Now it's the technically modified Teletubby

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The Independent Online
CHILDREN IN future will probably have a diet consisting of chips with everything - in their toys, that is. Playthings are undergoing a revolution. Tomorrow's adults are already getting used to an idea that their parents find strange - of inanimate objects which respond to them, based on the computer chips inside them.

A massive toy fair in New York which begins this weekend will see the unveiling of Teletubbies with built-in processors. When a child squeezes them, they will giggle or say up to 20 different phrases. Meanwhile, screens in their bellies can show games or puzzles.

The new Teletubbies are the result of a joint project between Microsoft, the software giant, and Itsy Bitsy Entertainment, the US distributor for the toys. "Children will come to consider them their first technological friend," said Itsy Bitsy boss Kenn Viselman.

But such "technological friends" are increasingly common. As the price of computer chips has plummeted in the past two decades, it has become possible to incorporate them even into toys for the mass market which might only be in fashion for a year or so. Last year saw the Furby, a chip-controlled doll which mewed and giggled. A couple of years ago there was Buzz Lightyear, whose chip-generated voice announced that he was heading "To infinity - and beyond!"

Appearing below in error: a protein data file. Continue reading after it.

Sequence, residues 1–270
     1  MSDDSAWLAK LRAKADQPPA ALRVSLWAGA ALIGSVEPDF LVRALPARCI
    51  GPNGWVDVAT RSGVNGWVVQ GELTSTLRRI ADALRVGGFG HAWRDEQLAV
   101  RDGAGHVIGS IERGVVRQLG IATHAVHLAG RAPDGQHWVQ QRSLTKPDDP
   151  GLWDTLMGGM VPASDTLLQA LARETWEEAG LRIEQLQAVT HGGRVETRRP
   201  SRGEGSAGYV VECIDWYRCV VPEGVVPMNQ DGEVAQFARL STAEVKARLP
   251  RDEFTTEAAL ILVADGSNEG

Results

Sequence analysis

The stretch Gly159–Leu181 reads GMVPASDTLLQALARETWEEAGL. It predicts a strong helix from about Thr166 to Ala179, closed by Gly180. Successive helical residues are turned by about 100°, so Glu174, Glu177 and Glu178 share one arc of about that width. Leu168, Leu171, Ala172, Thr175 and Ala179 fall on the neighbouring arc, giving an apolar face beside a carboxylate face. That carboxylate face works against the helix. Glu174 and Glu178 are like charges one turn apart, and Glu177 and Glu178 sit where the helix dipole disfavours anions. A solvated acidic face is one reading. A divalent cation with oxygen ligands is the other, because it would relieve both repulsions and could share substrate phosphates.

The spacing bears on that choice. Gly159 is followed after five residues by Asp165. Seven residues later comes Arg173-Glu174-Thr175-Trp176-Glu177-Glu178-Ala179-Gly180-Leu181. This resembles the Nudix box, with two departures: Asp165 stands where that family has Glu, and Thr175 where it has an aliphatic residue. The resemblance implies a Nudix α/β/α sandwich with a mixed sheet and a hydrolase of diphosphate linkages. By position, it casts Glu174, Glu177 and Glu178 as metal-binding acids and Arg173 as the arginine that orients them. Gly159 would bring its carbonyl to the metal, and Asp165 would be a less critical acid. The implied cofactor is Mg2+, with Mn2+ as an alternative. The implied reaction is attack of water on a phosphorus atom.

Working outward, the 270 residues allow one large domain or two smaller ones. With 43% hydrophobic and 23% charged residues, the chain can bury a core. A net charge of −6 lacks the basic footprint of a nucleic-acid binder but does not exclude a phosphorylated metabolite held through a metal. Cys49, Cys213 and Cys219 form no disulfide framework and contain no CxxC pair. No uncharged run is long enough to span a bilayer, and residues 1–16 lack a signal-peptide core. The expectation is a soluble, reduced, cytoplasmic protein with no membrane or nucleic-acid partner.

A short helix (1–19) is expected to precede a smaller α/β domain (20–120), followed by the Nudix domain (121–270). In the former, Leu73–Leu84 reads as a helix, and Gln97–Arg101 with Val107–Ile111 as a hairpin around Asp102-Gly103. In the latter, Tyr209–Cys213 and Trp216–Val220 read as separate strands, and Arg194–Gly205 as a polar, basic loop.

The most noticeable chip-controlled toy has been Barney, produced by Microsoft's ActiMates division. The purple dinosaur can be programmed to react to the TV, a computer and even sites on the Internet. But the Teletubbies will be for a newer generation who will almost be surprised if there isn't a chip in their toy.

Yet this will not create a nation of computer maniacs. Psychologists reckon that such toys can be positive for children, because they encourage communication.

"Children do a lot of pretend playing, which is very important in early childhood," said Jennifer Smith, a former psychology lecturer at Middlesex University who specialists in early learning. "Even with a toy that doesn't speak, you'll see a child pretend that their teddy bear is talking back to them, holding imaginary conversations."

With toys which do react to the child, "they take the idea on board very rapidly," Dr Smith said. "But they also soon realise that there is a limited range of interaction, that some phrase has come up before. Eventually, that toy will go to the place where all the others do."

The pressure to go electronic is also affecting traditional toys. Lego, the Danish company best known for its toy bricks, announced last month that it was cutting a tenth of its 10,000 workforce worldwide, as the huge growth in computer games has put pressure on sales of plastic bricks that don't do anything if left on their own. To today's child, that can seem a tad dull.

To counter that, the company last summer launched its Mindstorms "programmable bricks" aimed at children aged over 12. Designed with the help of professors at the Massachusetts Institute of Technology, the bricks could be programmed from a computer. Lego intends to follow that up with programmable bricks that do not need a computer: they will store their own list of activities. "I think we will see chips built in to more and more toys," said a spokesman for Lego UK.